Volkswagen Loses Another Top Manager in Wake of Diesel Scandalby and
Vahland was tapped to lead Volkswagen's North America business
Former Skoda chief disagreed about the region's organization
Volkswagen AG lost another senior manager in the wake of the diesel-emissions scandal as Winfried Vahland, who was tapped to restructure the carmaker’s struggling North America operations, quit unexpectedly.
The 25-year VW veteran, who had helped push the German carmaker’s business in China and successfully led the Skoda brand since 2010, turned down the job as chief executive for North America less than three weeks before he had agreed to start. Vahland decided not to take over the post on Nov. 1 as planned amid disagreements about the organization of the new region, Skoda said in an e-mailed statement.
“Vahland has had a number of key successes, in China and then at the Skoda brand,” said Stefan Bratzel, head of auto research at the University of Applied Sciences in Bergisch Gladbach, Germany. “His departure will hit Volkswagen hard.”
The North America job was a critical part of Volkswagen’s effort to recover from the crisis after U.S. regulators forced the company to admit to installing software to cheat on emissions tests in its diesel cars. Chief Executive Officer Matthias Mueller is seeking to give regional leaders more power and decision-making ability and break up the company’s rigid structure, which contributed to the plan to rig some 11 million diesel cars worldwide.
Vahland, 58, was among the candidates to succeed former VW Chief Executive Officer Martin Winterkorn, who resigned last month amid the fallout from the scandal, but the supervisory board favored Mueller. Volkswagen spokesman Eric Felber declined to comment on whether the company still plans to fill the post.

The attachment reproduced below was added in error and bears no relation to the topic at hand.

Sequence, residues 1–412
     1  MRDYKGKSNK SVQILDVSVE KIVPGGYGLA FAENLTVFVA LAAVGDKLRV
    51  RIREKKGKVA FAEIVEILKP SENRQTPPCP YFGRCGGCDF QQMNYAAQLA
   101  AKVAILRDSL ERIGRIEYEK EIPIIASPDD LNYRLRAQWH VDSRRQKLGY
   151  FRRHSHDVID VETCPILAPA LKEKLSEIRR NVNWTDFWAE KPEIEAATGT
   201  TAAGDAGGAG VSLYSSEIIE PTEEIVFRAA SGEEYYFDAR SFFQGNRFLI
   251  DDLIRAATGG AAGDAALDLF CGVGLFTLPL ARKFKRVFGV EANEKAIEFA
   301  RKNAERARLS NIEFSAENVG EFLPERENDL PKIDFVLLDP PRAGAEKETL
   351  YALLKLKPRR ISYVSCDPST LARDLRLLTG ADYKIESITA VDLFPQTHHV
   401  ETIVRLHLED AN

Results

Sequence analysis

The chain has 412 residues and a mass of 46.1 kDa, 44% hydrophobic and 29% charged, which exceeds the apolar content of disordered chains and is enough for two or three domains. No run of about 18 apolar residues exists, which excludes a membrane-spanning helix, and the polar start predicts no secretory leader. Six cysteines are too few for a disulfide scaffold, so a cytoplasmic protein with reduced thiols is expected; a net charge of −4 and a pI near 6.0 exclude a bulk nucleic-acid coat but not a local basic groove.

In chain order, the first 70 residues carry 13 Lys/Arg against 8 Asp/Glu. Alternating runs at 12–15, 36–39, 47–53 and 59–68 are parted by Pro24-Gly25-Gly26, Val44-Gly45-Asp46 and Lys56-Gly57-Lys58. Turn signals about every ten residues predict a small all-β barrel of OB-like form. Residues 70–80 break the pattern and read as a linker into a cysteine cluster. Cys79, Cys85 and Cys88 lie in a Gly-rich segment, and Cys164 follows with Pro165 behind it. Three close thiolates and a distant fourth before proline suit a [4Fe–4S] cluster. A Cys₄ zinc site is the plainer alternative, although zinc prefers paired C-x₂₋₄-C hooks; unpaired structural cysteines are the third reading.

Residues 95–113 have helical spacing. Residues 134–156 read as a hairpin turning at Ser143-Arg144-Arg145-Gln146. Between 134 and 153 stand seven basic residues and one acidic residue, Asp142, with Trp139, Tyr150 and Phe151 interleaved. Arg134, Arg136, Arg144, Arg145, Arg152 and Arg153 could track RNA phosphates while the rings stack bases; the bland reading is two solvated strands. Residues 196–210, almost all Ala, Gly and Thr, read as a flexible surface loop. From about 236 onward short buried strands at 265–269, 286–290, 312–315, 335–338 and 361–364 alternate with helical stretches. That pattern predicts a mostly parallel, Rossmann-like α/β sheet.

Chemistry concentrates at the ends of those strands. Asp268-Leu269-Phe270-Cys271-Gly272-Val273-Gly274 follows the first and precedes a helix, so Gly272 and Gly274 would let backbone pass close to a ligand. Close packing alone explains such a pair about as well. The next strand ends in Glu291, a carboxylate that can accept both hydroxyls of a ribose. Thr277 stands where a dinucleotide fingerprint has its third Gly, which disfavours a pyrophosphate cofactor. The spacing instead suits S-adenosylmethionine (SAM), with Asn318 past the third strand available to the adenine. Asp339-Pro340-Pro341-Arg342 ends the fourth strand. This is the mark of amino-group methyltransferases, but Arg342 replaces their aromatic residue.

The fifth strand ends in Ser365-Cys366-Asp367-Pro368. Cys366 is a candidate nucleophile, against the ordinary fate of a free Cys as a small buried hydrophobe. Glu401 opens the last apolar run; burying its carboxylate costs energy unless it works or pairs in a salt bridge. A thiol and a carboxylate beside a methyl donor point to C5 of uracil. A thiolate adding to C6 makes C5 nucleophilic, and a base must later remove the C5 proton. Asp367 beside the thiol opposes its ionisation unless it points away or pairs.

No Diesel Link
Vahland is leaving the Wolfsburg, Germany-based manufacturer at his own request, and his departure isn’t linked to the diesel investigations, Skoda said in the statement. VW has suspended the chief developers for the VW, Audi and Porsche brands, people familiar with the matter have said.
After joining Volkswagen’s Audi unit in 1990 from General Motors, Vahland rose up the ranks. He was dispatched to Volkswagen’s China operations in 2005, when the carmaker’s joint ventures were feuding. He got the units to work together and proceeded to slash expenses, boost production and reduce the number of model platforms, boosting operating profit to 774 million euros in 2009.
At Skoda, he developed the brand into a key earnings driver, with an array of no-nonsense, practical cars like the Yeti sport utility vehicle and the Octavia wagon. Operating profit in the first half jumped 23 percent to 522 million euros. Its margin was 8.1 percent, compared with the VW brand’s 2.7 percent.
Volkswagen said Tuesday it will reduce annual investment by about 1 billion euros ($1.1 billion) at its namesake car brand as the automaker steps up a cost-cutting push to weather the impact of the scandal. The company set aside 6.5 billion euros for repairs and to compensate customers, but has said that won’t be enough. VW faces numerous lawsuits in the U.S., where it has lost money and struggled to become more than an also-ran despite rapid expansion elsewhere.